How to enroll on independent director’s data bank and pass examination for independent director

My article is related to preparation of exam of independent director. In this article I am trying to help my Profession colleagues or others who want to pass their exam and wish to add his/her name in the database of independent director. In this article I elaborate the need of independent director, Procedure of online examination, working mechanism of data bank and detailed discussion on topic covered in exam. I tried to discuss provisions of companies Act, Rules made there under, SEBI (LODR) Regulation, 2015, other relevant laws, financial prudence, basic concept of accounting and financial ratio. In this Article I mentioned direct link of e-book of companies Act, rules made there under, SEBI (LODR) Regulation, 2015 and my other relevant articles on these topics, which will be beneficial for reader point of view. In my personal opinion, this article may definitely benefit the persons who intend to appear in the examination for enrollment in the Independent director’s Databank

(A) Why need Independent Director

Today time corporate governance has received increased attention because of high-profile scandals involving abuse of corporate power or alleged criminal activity by corporate officers. Therefore, laws and regulations have been passed to address the components of corporate governance. Organizations have Duties and responsibilities towards their shareholders and stakeholders and hence they need to be governed in accordance with the law and keeping in mind the interests of the stakeholders and shareholders. The board of directors is responsible for creating the framework for corporate governance that best aligns business conduct with objectives. This term encompasses the internal and external factors that affect the interests of a company’s stakeholders, including shareholders, customers, suppliers, government regulators and management. An Independent director plays a good role to comply with the good corporate governance. We can say that independent director is security guard of shareholders to save the money which they have invested in the company for future growth. Independent director is a like a bridge between shareholder and the management of company. Independent Directors serve as an important Institution of corporate governance contributing significantly at the boards by bringing a diverse set of skills with an independent judgement on the significant issues. Independent Directors need to act as the custodians of good governance by discharging monitoring and advisory role effectively. They need to act in the interest of the company and the interest of all stakeholders. An independent director improves the quality of corporate governance.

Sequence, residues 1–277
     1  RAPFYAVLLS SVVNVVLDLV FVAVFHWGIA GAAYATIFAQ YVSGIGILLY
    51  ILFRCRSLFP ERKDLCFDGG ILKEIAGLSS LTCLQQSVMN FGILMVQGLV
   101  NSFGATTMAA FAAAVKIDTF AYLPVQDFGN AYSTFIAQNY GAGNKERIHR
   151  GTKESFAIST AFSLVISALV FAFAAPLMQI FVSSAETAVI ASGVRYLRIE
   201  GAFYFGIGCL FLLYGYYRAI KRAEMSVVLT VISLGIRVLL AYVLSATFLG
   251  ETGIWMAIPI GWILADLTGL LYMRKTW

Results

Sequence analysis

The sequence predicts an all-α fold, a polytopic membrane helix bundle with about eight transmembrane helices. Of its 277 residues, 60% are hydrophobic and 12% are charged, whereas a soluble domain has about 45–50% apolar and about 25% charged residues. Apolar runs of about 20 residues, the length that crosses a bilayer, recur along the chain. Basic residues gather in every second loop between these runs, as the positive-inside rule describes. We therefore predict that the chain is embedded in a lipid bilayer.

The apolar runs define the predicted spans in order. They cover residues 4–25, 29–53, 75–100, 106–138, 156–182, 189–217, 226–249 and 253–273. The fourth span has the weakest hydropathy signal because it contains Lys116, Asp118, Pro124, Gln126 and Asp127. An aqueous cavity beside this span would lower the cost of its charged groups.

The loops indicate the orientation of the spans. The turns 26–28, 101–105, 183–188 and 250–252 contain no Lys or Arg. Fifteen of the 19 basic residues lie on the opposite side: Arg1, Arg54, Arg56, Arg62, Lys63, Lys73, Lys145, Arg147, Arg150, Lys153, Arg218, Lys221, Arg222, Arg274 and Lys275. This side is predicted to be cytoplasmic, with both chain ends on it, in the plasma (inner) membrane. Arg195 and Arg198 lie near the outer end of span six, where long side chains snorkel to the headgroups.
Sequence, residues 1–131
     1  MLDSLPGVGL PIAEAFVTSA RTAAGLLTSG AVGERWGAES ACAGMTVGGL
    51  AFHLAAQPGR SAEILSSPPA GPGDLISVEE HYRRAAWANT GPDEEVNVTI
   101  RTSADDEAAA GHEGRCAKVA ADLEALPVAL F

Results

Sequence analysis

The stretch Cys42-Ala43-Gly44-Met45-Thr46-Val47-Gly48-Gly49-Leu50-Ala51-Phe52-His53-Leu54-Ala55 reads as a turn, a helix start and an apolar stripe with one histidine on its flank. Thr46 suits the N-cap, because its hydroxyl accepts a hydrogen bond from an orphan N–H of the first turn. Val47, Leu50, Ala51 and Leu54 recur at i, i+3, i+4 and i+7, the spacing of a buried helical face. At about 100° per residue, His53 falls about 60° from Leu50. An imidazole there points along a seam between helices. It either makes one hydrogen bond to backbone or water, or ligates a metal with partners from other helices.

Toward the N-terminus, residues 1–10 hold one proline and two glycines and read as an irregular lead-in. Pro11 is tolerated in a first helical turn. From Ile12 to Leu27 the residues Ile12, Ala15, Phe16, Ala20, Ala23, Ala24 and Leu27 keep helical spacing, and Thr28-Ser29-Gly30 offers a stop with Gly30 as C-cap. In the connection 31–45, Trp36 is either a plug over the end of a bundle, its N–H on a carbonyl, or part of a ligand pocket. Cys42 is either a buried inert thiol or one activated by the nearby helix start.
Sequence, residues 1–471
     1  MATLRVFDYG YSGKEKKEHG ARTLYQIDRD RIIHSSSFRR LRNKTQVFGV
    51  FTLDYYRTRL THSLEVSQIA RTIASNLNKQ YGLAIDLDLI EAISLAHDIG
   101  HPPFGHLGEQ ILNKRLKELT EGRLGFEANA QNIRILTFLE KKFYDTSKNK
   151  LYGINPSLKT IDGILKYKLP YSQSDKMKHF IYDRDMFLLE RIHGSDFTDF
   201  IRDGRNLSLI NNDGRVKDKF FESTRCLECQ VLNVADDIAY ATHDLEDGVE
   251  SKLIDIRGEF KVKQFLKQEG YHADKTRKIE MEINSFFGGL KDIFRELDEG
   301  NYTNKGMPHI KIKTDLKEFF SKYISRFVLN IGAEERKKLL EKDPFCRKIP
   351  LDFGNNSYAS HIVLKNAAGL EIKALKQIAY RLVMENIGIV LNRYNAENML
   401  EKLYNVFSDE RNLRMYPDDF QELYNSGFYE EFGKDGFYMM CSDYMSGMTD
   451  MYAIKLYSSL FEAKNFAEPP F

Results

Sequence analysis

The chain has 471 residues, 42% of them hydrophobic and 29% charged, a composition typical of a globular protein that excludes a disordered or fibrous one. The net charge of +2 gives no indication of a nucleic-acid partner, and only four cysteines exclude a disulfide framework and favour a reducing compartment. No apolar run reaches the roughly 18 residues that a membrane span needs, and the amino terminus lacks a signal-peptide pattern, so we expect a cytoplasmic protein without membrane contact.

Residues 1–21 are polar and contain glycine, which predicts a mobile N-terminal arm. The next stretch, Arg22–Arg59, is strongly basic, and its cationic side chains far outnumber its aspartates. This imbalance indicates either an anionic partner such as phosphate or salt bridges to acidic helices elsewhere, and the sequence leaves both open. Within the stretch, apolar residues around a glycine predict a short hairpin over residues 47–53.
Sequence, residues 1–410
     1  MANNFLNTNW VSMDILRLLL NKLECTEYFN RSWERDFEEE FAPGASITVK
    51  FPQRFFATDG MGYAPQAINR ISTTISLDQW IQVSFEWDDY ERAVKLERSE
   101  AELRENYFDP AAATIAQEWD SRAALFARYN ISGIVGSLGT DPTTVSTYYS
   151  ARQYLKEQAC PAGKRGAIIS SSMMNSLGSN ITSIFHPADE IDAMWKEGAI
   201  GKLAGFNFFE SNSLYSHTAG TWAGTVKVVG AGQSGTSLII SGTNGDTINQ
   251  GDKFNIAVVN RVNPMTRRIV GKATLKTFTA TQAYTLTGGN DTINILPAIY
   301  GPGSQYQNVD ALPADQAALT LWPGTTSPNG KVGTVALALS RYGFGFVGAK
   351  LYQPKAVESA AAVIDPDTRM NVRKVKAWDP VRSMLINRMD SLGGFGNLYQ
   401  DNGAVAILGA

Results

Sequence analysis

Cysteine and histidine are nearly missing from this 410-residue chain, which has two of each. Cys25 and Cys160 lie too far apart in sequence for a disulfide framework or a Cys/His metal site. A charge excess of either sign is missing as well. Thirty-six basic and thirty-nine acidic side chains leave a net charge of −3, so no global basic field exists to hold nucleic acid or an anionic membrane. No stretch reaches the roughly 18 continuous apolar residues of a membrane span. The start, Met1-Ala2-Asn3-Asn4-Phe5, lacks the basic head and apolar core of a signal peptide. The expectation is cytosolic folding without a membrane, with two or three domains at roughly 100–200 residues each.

(B) Why need of this Online Self Assessment Test for selection of Independent Director

Now Ministry of corporate affairs (MCA) with Indian institute of corporate affairs (IICA) has started online self assessment test to show knowledge, Skills and potential to work as an independent director. Now a person can pass the exam and get register his name in database of independent director. The company which needs an independent director for its board can pick the name from database. Earlier there were no requirement of any exam to become an independent director of company which raises a question on selection criteria of an independent director and their independence. From past time some major scandal and irregularities came in the corporate world which started panic in the mind of investor to investing money in the companies. Now the initiative of government, rather I should say the seriousness of government for selection process of independent director is very helpful for the interest of shareholder, stakeholder and various internal and external parties involved in the corporate world.